Wednesday, 16 July 2014

Will DOC's Dumping of 1080 on New Zealand Forests Save the Birds?

beech trees
The New Zealand Department of Conservation (DOC) is just now commencing their biggest aerial drop ever of the controversial toxin 1080 over some 700,000 hectares (about 1.7 million acres) of forest land at a cost of some $25 million. Heralded earlier this year with a campaign called “The Battle for Our Birds”, the Conservation Department claims if we don’t drop enough poison, we will have a rat plague this year of “Biblical” size, thanks to a beech mast. 

A mast is a natural phenomenon that occurs on a cyclic basis with many plants, not just beech trees, and occurs when plants produce more seed than usual in a given year. It is theorized that masting might be connected with climate or weather changes. The last big New Zealand beech mast occurred in 1999-2000, although Northern Hemisphere beech are estimated to mast ever 5-10 years. Ironically, while DOC paints a masting as a catastrophic event, in the UK, a mast year is seen as “a great opportunity to experience nature at its best.”

The problem with beech masting in New Zealand, according to DOC, is that extra seeds mean extra food for rodents, and their argument is that the rat population will grow larger than normal this year (in fact, become “a plague of Biblical proportion” according to the July 14 DomPost), and that when the beech mast food supply runs out, the rats will turn to birds as their food source. 

I’ve written about 1080 use in New Zealand before, most recently in January when this DOC project was first announced, and earlier about 1080 in general. It’s pretty clear I am no fan of 1080. It used to be possums that were held up as the scourge of New Zealand and the reason 1080 needed to be broadcast through our forest. Now possums get nary a mention, and suddenly it is rats and stoats who are the villains. The fact that masts are a natural phenomenon that happen on a regular basis and haven’t been seen as cause for alarm in the past, and now are suddenly given as a reason for a massive increase in poison use, is puzzling. The fact that 1080 is toxic to everything that breathes makes its wanton use in virgin forests inexplicable. The fact that rat population recovery after a 1080 drop is relatively quick paves the way for further drops in the future.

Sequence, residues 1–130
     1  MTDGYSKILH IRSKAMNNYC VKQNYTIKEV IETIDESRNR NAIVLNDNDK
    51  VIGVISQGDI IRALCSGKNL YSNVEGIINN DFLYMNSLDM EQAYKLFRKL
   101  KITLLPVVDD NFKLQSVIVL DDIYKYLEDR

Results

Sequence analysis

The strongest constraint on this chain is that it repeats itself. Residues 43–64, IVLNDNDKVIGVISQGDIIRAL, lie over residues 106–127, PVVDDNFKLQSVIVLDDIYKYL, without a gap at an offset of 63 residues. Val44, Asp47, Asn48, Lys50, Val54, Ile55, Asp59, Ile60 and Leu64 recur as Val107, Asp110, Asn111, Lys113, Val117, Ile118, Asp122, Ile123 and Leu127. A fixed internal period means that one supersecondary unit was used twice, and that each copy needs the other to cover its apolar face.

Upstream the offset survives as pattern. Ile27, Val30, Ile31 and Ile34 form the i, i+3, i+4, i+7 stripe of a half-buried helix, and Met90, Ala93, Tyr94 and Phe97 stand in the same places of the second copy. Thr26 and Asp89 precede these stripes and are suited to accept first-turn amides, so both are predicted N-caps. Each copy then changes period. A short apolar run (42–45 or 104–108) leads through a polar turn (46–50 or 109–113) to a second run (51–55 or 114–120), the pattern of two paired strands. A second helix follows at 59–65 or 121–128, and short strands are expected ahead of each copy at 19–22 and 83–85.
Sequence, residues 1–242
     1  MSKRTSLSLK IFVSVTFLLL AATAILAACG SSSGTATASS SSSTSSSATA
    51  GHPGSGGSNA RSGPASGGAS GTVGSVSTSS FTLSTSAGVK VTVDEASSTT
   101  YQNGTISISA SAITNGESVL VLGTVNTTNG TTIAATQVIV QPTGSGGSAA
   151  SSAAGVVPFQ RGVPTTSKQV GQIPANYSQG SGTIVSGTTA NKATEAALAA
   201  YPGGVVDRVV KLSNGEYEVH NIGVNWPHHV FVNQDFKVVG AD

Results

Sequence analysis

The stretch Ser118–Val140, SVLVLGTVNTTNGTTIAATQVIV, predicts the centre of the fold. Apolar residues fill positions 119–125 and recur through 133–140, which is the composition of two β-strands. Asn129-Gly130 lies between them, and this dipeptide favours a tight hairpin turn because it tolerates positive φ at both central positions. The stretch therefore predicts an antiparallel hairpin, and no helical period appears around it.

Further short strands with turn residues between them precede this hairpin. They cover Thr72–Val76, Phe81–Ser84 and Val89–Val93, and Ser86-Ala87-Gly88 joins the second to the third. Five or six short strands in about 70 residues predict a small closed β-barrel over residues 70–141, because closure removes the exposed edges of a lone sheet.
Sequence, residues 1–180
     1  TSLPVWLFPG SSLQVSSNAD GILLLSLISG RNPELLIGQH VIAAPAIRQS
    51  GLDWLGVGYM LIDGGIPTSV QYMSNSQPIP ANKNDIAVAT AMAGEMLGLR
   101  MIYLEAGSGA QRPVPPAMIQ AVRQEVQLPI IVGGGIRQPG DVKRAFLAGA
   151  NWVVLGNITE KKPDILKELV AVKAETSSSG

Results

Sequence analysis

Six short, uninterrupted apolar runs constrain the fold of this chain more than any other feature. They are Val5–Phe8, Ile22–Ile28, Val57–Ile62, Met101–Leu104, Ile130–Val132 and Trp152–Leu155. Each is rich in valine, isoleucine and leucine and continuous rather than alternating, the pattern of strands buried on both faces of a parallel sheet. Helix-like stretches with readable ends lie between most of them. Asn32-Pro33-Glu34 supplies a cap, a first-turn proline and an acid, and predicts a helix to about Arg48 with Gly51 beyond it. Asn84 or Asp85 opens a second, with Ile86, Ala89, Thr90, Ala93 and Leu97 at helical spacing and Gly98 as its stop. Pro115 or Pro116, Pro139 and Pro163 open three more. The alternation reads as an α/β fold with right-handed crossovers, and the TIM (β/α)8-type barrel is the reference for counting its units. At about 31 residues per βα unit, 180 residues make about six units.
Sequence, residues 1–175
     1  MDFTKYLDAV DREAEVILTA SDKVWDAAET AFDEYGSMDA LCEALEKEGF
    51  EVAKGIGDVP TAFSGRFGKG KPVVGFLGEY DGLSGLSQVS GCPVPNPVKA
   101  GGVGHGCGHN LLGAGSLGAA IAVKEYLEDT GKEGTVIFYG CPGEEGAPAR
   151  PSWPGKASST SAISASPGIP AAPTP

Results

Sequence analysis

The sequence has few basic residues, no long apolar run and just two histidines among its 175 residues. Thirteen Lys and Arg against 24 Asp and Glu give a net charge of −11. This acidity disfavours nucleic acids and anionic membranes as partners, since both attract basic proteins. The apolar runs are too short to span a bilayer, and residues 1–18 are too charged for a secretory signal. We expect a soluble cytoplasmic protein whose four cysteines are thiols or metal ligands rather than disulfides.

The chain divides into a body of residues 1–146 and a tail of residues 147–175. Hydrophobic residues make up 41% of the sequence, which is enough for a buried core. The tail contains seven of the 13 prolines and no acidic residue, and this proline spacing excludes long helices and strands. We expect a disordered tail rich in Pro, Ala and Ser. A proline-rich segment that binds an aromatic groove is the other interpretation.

It’s winter. Folks “on the ground” observe that the beech masting in New Zealand is now over. Any uneaten seeds have sunk into the ground or composted, adding to the nutrient level on the forest floor. Actually, some suggest it wasn’t really much of a “masting” to begin with. (Notice the “Save Our Birds” campaign was already ramped up well before the masting even occurred.)

Meanwhile, not only will rats and mice be killed by the poison that rains down on them from the air, but so will deer and wild pigs, weka, kea, tomtits and morepork. Not to mention the countless insects and the other critters that help keep our forests alive. I don’t know how many birds will be “saved,” but no doubt DOC will come up with a number, and will argue that any birds that died as a result of the poison drop are fewer than those that would have died if they didn't drop 1080, and who could prove otherwise? Daft. Sad, and daft.

I can come to no conclusion other than this campaign is DOC’s way of keeping their budget up and staff in employment! They're not saving birds, they're saving themselves.

No comments:

Post a Comment

Thank you for your feedback. Allow time for it to be posted.